Excitement builds for a familiar party

Posted By on Wed, Feb 22, 2017 at 7:00 AM

The entirety of last week was spent preparing for the weekend and Monday. Why, you may ask. Waking up every morning with, "Do I really need a job?" on my mind and still going to work every day would drive anyone mad. But every so often, the good little worker receives his or her just reward, and it comes in the form of national holidays. If you didn't have President's Day off, I'm so sorry. I did absolutely nothing but tend to myself and I don't regret a single second. I slept in, watched "Chef's Table" on Netflix, got inspired, wrote and slept my ass off.

Just when I was starting to get #fomo (fear of missing out) thinking about the long weekend coming to an end and not filling that time with fun activities, I realized we have another big weekend coming up in the Queen City. Yes, I mean "we" and not just "me." If you've been in Charlotte for any amount of time you know that one of the most anticipated weekends each year falls around the end of February and it goes by the name of CIAA.

Every year, the Central Intercollegiate Athletic Association holds an annual basketball tournament featuring the historically black institutions of NCAA's Division II. Although the attendance at the actual basketball games has declined significantly, the amount of revenue the tournament brings to the city is undeniable. Did I mention the parties are epic?

Picture being surrounded by your best friends, popping a bottle of champagne in the middle of a Vegas-style strip club only to look up and see Champagne Papi himself partying next to you. That's just a normal night during CIAA in Charlotte. Some of the world's most famous artists flock to our city, taking the experience to a whole new level.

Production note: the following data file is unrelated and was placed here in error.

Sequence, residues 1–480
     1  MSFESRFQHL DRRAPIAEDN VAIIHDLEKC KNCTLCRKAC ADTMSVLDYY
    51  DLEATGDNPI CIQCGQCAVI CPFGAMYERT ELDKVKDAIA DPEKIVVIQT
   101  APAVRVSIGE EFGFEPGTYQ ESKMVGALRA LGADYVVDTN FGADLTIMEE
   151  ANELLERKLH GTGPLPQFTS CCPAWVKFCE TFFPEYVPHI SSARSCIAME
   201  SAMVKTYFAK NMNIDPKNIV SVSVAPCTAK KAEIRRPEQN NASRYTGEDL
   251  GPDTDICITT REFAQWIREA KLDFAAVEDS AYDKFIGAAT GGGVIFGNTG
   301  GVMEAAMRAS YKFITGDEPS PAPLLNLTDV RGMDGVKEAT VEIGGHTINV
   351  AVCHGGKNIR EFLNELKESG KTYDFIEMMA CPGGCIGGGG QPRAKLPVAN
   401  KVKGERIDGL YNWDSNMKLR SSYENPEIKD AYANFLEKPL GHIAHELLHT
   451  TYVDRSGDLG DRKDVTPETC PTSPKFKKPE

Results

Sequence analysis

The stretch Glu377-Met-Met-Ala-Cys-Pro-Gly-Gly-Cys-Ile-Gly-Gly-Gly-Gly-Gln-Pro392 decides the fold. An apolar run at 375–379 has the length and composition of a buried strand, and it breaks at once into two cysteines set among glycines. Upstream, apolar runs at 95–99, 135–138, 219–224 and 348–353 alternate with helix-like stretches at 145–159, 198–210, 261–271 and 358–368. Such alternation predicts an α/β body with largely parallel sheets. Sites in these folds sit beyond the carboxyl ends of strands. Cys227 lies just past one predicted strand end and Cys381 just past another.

When I first moved to Charlotte, I was captivated by the urban nightlife scene. After all, you don't get to experience much real nightlife in Trinity, NC or as an underage college student. One of my roommates at that time worked for one of the most popular promoters in the city and you know what that meant – free entry into some of the hottest parties all year long. That connection really came in handy when Lil Wayne – my favorite rapper of all time – made an appearance at Cameo a couple years ago. Sighs, if only I could've touched one of his dreads.

Five years later, despite social tensions and allegations of local companies instituting versions of a "black tax," it never ceases to amaze me how excited I get when CIAA comes to town. A short week with a weekend full of entertainment makes for a smiling face in the office. This year, my plan is to check out a day party at a venue I haven't visited before and hit up Su Casa at Petra's. I've done the whole "stay out until 4 a.m. thing" during CIAA and as my mom always said, "Nothing good happens after 2 a.m." I'd rather capitalize on the day and pass out early or find something laidback to get into late-night.

(Not to mention, I'll probably be steeped in Dave Matthews on a party bus on Saturday. You know my coworkers, always finding a way to celebrate anything in the biggest way. This time, we're celebrating a father-to-be.)

No matter what you're doing for CIAA, here's a few things to keep in mind if you're planning on joining in on the festivities this weekend:

1. Pick your entertainment. If you're interested in twerkin' to your favorite new artist like Migos, Young Thug or Meek Mill, find out exactly where they're going to be and if they're going to be performing or just doing a walk through.

2. Dress to impress. Everyone during CIAA is "fresh to death." There's some truth behind the rumor you've heard about putting that tax refund check to good use. Just kidding, sort of.

3. Research the venue. Parking available? Too far for you to Uber? Find out as much as you can about the venue ahead of time. Especially considering a lot of venues pop up just for the weekend.

4. Expect every spot to be busy. If you're one of those Charlotteans who's scared to attend a CIAA event, I would suggest you stay in all weekend or find a hole in the wall, because every venue that's open will probably be packed.

Where do you plan on spending your CIAA weekend? Fill me in at